Candidate sampling schemes for Wide band mode


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Demodulator (4 of 14)

Narrow Band Sampling Scheme

Proposal to retain high sampling rate used in wide band mode:

  • Better spurious performance

  • Quantising noise spread out over wider bandwidth (so lower density)

  • Identical hardware as wide band mode

  • Reduced sampling clock phase noise constraints as sampling rate increased (phase noise tolerance proportional to sampling clock frequency)


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Demodulator (5 of 14)

Medium Band IF of 420 – 640 MHz sampling scheme

  • To suppress the L band to 70 MHz downconversion stage, the demodulator tuning range would need to be 420 to 640 MHz.

  • The same sampling as in Wideband mode (2.2 GHz) could be used, but a significant spurious tone is at 550 MHz (the clock used by the FPGAs).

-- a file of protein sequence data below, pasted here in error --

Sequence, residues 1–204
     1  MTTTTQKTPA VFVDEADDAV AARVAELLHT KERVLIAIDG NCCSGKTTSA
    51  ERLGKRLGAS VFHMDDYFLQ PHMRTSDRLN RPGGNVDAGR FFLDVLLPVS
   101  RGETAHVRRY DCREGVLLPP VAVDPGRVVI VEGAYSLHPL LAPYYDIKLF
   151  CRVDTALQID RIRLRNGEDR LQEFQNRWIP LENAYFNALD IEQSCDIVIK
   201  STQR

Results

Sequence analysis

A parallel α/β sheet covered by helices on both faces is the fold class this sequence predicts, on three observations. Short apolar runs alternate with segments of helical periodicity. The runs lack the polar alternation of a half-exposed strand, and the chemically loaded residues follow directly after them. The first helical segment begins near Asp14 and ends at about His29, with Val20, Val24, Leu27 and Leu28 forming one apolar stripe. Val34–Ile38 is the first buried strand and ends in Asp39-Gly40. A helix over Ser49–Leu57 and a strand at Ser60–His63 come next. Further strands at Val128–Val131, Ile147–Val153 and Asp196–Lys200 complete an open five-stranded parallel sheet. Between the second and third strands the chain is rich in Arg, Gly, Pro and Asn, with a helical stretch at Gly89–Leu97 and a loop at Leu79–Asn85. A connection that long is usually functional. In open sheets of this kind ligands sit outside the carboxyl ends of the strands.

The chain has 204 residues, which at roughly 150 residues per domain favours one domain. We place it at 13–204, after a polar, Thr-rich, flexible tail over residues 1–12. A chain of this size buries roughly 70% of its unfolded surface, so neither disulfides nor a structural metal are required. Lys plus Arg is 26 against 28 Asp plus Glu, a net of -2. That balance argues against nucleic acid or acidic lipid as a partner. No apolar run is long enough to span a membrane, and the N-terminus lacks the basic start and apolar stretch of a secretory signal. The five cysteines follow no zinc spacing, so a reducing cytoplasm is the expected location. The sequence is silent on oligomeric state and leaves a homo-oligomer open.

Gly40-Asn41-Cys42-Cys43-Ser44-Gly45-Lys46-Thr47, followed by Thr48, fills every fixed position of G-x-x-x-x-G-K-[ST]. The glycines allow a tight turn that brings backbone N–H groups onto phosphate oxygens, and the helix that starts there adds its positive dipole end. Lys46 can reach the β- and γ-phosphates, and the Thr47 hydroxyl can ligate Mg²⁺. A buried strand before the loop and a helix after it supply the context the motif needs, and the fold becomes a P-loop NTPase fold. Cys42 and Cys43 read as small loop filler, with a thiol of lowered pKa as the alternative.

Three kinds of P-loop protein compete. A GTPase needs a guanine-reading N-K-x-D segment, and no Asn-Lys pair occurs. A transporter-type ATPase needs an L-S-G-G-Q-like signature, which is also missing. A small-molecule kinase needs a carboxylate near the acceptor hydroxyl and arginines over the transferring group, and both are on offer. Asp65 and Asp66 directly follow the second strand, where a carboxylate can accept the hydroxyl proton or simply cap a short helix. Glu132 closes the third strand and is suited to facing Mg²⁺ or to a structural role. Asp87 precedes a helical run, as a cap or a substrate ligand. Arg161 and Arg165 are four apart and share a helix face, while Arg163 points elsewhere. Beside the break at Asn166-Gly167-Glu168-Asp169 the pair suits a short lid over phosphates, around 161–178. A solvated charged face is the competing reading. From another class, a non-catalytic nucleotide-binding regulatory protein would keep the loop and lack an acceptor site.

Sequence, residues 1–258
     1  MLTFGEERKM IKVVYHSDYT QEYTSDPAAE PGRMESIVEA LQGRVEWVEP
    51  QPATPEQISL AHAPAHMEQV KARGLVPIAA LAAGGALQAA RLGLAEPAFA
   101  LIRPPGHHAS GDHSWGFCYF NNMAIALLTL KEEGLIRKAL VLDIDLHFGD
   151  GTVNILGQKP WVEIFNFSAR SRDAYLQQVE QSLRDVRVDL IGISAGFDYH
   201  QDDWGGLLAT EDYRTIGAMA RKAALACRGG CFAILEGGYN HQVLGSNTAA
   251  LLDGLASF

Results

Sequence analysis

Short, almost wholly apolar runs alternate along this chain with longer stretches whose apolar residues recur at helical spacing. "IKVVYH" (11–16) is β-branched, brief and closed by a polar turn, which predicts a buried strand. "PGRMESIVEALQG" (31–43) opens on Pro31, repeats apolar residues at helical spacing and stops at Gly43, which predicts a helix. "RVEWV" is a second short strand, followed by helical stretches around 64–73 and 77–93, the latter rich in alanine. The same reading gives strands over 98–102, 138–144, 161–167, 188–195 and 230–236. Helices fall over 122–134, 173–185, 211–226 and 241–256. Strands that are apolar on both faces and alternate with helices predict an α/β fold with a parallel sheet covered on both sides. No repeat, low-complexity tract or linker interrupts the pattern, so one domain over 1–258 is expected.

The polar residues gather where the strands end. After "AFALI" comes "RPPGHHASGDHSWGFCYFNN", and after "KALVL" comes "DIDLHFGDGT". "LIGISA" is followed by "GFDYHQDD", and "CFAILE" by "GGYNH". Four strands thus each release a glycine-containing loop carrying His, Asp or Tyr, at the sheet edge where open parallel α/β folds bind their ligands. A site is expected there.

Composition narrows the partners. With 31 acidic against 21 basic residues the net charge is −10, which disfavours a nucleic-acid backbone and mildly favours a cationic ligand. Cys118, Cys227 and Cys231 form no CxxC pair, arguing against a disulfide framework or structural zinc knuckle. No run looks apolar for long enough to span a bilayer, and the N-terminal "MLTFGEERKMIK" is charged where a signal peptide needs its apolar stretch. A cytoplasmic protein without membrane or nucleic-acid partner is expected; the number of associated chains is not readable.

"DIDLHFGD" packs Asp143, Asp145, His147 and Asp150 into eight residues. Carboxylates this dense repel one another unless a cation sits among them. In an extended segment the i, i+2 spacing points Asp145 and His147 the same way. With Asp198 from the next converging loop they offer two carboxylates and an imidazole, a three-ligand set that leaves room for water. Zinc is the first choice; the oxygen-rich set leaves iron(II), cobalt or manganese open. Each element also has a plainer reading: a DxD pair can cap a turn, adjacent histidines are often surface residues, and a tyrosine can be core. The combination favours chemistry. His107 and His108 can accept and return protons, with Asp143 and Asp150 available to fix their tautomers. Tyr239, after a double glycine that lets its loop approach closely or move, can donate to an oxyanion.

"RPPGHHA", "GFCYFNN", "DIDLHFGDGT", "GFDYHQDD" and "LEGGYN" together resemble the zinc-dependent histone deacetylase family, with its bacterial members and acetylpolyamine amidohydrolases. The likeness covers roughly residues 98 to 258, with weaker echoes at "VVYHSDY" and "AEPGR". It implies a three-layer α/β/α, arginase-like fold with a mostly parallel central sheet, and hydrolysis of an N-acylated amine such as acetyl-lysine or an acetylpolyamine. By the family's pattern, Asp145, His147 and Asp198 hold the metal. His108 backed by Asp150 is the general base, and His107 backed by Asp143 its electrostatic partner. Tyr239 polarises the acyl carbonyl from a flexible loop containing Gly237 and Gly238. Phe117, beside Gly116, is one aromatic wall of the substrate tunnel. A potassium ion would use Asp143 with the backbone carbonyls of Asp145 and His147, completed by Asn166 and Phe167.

• Alternatively the medium band sampling rate could be changed to around 1.6 GHz (for all narrow band IFs) which would allow tuning the IF centre frequency over the full 420 – 640 MHz range without the ¼ sampling spurious falling into the pass band.


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Demodulator (6 of 14)

  • The cleanliness of the received spectrum, required in Narrow band mode, was simulated with a real ADC, including dither.


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Demodulator (7 of 14)


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Demodulator (8 of 14)

DEMODULATOR ARCHITECTURE (1 of 2)

Key features of the proposed demodulator architecture are:

  • Same sampling scheme for narrow, medium and wide band modes. Common analogue part.

  • Minimising the number of boards (target one board for the demodulator and one for a test modulator). This minimises the difficulty of interconnecting high speed signals.

  • Using the highly integrated devices to enable logic that would in the earlier generation of demodulator require a board, to fit in a single device.

  • Reprogramming of FPGAs “personality” to allow the same hardware to perform different functions when the operating mode is changed.

  • Use of existing IP from various sources:

    • the use of IP blocks from the FPGA manufacturer to perform standard functions

    • the reuse of IFMS IP for narrow band functions.